‘Statement making, spine tingling and hypnotic, this is music that comes at you from all sides.’
Intro to Stereo Honey
Since releasing their debut ‘Where No One Knows Your Name’ in January this year, London based band Stereo Honey have continued to make waves in the UK music scene. Comprised of Pete Restrick, Nicky Boiardi, Ben Edwards and Jake Black, their sound is one that applies power and sensitivity at all the right times. Hypnotic in places, uplifting in others, this is music you want to be surrounded by.
Featured Track 1: Where No One Knows Your Name
Starting out with a solo synth sequence, ‘Where No One Knows Your Name’ sets off in an unassuming yet anticipation filled way. Formed of triplets and affected by echo, each note gently blurs into the next creating an hypnotic atmosphere. Unusually, while you may expect further instrumentation to come in next, it doesn’t and instead you are greeted by the lead vocal. And what a vocal it is. Balancing on top of the weaving synth accompaniment, it is equally hypnotic in nature and while it edges towards unsettling, the falsetto filled tone, is an incredible one.
Following the initial verse lyrics, the second half brings greater depth and with rhythmic drum patterns and prominent synth bass lines joining the dreamier textures, the track begins to take off. You just know it’s going somewhere. Its destination: a statement making, spine tingling and powerful chorus where you suddenly feel like you’ve landed in the middle of a Radiohead track. Containing ingenious uses of unfinished lyrics and soaring textures, it’s a fantastic sound.
On reaching the second verse, much of the same accompanying ideas from earlier are used however, the lead vocal is a different story. Already working in the upper range of the male voice, it increases even further. Add to this the use of delayed backing vocals and it’s just as hypnotic as the opening. It short, it demonstrates musicality to highest of levels. However, the musicality of the track doesn’t end there, far from it.
Unexpectedly, after what has been a constantly building sound, it cuts out revealing a succession of overlapping acoustic based ideas. These – as a potential musical nod to the bands name – come at you from both sides and as they merge back into the original textures, you are completely enveloped by the epic sound. Pushing musical boundaries right to the end, it’s a debut that ensures everyone will know their name.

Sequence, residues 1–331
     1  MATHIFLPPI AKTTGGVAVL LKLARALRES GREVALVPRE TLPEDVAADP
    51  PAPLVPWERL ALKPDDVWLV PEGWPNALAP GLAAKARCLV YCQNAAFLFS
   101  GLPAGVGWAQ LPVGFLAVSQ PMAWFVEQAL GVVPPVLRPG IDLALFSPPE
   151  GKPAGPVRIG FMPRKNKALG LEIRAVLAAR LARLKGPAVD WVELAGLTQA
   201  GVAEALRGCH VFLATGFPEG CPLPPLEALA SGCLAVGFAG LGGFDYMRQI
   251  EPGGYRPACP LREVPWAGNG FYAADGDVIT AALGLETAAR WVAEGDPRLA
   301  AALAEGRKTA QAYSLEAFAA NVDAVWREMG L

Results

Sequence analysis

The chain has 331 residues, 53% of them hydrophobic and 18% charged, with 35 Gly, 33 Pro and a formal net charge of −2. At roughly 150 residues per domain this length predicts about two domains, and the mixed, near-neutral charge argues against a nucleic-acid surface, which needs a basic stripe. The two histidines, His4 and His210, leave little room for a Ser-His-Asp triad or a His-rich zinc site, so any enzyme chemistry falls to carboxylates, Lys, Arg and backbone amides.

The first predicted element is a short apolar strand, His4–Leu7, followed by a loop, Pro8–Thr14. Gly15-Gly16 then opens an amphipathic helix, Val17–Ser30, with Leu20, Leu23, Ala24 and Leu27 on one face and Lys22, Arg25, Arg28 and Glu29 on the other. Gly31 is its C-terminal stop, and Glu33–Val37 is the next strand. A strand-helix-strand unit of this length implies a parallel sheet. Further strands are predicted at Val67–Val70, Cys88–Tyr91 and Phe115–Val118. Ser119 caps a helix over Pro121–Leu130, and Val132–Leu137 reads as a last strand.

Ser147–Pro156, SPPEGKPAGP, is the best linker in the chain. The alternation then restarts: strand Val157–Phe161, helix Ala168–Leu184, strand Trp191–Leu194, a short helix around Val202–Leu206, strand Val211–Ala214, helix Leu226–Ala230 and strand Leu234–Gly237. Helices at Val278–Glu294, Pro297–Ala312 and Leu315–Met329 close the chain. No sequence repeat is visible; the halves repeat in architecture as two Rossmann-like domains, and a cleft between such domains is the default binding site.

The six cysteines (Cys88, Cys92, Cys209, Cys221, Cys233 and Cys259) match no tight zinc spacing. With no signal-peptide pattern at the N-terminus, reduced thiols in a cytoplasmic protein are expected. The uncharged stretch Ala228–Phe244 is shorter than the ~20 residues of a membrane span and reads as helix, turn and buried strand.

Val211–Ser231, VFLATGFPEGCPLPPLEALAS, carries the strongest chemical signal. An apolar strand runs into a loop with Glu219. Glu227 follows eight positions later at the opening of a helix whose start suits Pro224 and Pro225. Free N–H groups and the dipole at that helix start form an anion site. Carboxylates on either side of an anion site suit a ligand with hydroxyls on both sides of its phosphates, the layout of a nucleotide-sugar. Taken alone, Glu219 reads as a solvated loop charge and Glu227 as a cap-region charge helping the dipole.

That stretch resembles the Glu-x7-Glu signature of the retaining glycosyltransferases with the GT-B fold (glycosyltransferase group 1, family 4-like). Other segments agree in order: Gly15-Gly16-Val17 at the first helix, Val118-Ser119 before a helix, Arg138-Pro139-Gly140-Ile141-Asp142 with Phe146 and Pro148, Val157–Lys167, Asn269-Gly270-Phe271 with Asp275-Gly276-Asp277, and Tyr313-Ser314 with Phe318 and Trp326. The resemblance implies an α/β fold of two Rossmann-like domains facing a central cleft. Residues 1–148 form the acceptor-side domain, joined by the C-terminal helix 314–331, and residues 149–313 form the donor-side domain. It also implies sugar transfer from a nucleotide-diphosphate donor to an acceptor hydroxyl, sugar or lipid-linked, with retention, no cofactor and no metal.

Featured Track 2: The Heart
Opening with a combination of echoing and reverberating guitar tones, there is a similar sense of sparseness to the introduction of their first track. In contrast though, it feels more relaxed than hypnotic and as a sustained synth string part enters, you wonder if ‘The Heart’ will live up to their debut. You don’t have to wonder for long though, as on hearing the opening line of ‘Bless your heart and your soul’ you realise it will.
The vocal, with its enticing nature, is one that speaks to you as though it is actually directed at you. Enhancing this atmosphere, the accompanying textures are prominent, yet unobtrusive and with the drums noticeable by their absence, you hang on to every word. In a contrasting manner, the second verse sees the introduction of more percussive sounding elements, a thumping bass line and a regular sounding beat.
Alongside this slight change of musical direction, there is also a distinctive change of mood. Ironically lighter sounding in its nature (given the lyrics of ‘I’ve given it all to someone else,’) the chorus combines accompanying elements of a more melodic nature with a darker edge. This format, which is highly successful, is replicated as we head towards the final sections of the track.
Featuring key elements of the chorus – this time in instrumental form and harmonised by vowel sounds – the bridge guides us perfectly to a full sounding reprise. Ending in a sparser way than their debut, you realise that while ‘The Heart’ may beat slightly more gently, it’s just as impressive.
Featured Track 3: The Bay
Driving from the start, Stereo Honey’s latest track, ‘The Bay,’ opens up with a sustained bass synth tone. Sweeping and bending, it guides us, in an otherworldly way, to a thumping drum pattern. It’s full of intent. It’s full of power. But most of all, it’s full of musicality and as rhythmic bass lines combine with gently emerging free flowing guitar lines, it feels almost cinematic.
Like the bands other tracks, the verse is full of considered lyrics and with references to the ocean, grains of sand and the shoreline seamlessly combined, you can’t help but smile at the continued musicality. Giving us more with every note, the continually driving nature of the distorted guitar led link section helps the track to build into the second verse.
Reaching this point, the vocal pushes even further than on the other tracks and with sublimely controlled uses of glissando, it literally soars to new heights. Meanwhile, the accompaniment maintains its relentless energy. However, while this continues, a contrasting guitar sequence, based on spread chords, brings a beautiful, more delicate element to the track. This, as it turns out, isn’t to be the only new element to be introduced.
Developed from before, a resurgence of the epic sounding instrumental link occurs. This time however it is extended and combined with soaring vowel-based vocals, we are taken to an unexpectedly contrasting bridge section. Featuring all the best elements of their music, it forms the perfect showcase ending. I don’t know what’s on the way, but if these tracks are anything to go by, it’s sure to be incredible.
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Listen to Stereo Honey on: Spotify
Find out more about Stereo Honey’s music at: Track Review: Stereo Honey: Don’t Speak, Track Review: Stereo Honey: Angel and Track Review: Stereo Honey: What Makes A Man.